‘Tis the season of the Silicon Valley shakeup. The Spring clean. The latest is at BitPass, where CEO of Menlo Park micropayment company, BitPass has “disappeared.” (See here for details.) We called the company and a couple of investors to inquire about what happened with Michael O’Donnell, but the company declined to comment. Departures so far this week were at Tribe, Intel and Shopping.com.
Though two brief notes, one on Shopping.com, the other on Intel:
1) While Shopping.com undergoes some turmoil, here’s a story we wrote today about a quiet, private company, NexTag, following in Shopping’s shadow.
2) Today’s VentureWire story (sub req) wrote the following about the departure of Claude Leglise from Intel’s venture capital arm, Intel Capital, which should raise suspicion in any thinking person: Leglise wouldn’t confirm or deny that his job change is part of a corporate personnel restructuring. Turns out, Intel spokeswoman Laura Anderson was a bit confused by that wording, because she said Leglise made it clear he was leaving of his own accord and that he wanted to partake of some investing action in Asia — and she suggested VentureWire had a particular agenda for the story when they called. Bottom line, we don’t know. But, when we talked with Leglise six months ago, he was brimming with enthusiasm about China. “We’ve had some spectacular wins,” he told us, referring to Intel’s VC investments in companies like UTStarcom, Sohu.com, AsiaInfo and ChinaCast — all of which IPO’d. Better, instead of merely adopting U.S. technologies, Chinese companies are now developing their own technology — making things much more exciting there — and Leglise said he went to China six times last year. Sure, 300 million Chinese have cellphones, he told us. “But there’s a billion who don’t. The opportunity is still staggering.” Indeed, we think Leglise simply “went native,” rubbed up against to many eager, energetic Chinese entrepreneurs to resist diving in himself. And there’s the Spring factor. It’s the time, Intel’s Anderson says, when people tend to make changes.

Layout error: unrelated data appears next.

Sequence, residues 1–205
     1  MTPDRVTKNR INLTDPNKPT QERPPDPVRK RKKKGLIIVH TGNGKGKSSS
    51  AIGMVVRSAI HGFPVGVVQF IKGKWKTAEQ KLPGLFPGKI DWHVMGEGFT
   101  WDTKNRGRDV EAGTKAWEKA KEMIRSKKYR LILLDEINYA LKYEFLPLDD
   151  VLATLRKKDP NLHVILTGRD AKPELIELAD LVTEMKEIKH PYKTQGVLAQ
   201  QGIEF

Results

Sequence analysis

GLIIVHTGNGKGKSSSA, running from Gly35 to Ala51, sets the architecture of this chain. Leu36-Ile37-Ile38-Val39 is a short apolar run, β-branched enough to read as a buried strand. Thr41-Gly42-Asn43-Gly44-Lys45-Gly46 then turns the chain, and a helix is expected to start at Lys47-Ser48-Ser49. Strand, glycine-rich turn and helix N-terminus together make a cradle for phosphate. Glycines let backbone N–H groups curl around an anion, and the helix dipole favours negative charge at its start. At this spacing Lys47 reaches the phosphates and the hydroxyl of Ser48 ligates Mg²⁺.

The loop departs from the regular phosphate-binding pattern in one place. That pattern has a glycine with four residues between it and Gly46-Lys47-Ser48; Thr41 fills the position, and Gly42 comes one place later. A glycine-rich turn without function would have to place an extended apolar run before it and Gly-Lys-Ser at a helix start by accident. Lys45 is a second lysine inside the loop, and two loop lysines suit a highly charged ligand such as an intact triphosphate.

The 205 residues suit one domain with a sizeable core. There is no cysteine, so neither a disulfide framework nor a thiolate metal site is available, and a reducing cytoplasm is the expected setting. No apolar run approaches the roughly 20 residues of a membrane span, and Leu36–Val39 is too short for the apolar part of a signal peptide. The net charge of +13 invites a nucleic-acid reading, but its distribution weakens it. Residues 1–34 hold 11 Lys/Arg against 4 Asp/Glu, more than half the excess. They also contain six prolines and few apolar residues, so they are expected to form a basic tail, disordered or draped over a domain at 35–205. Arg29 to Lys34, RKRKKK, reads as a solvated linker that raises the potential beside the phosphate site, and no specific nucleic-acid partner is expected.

UPDATE: Leglise just got back to us, and said he too was baffled by the wording of the previously mentioned article. He said his departure had nothing to do about change at Intel. “Itï¿½s just my personal decision. Iï¿½ve been at Intel 22 years, the last four years at Intel Capital, and now I understand what venture investing is all about,” he told us. “I really, really enjoy it.” As leader of Intel’s internal investment committee, he approved 150 different transactions, he said. “And now I want to go do it. I want to focus on Asia,” he said, referring to the U.S., China and India “triangle.”
UDPATE: We revised above entry to reflect response from BitPass spokesman Johnny Wong, who said the company isn’t commenting on the CEO changes.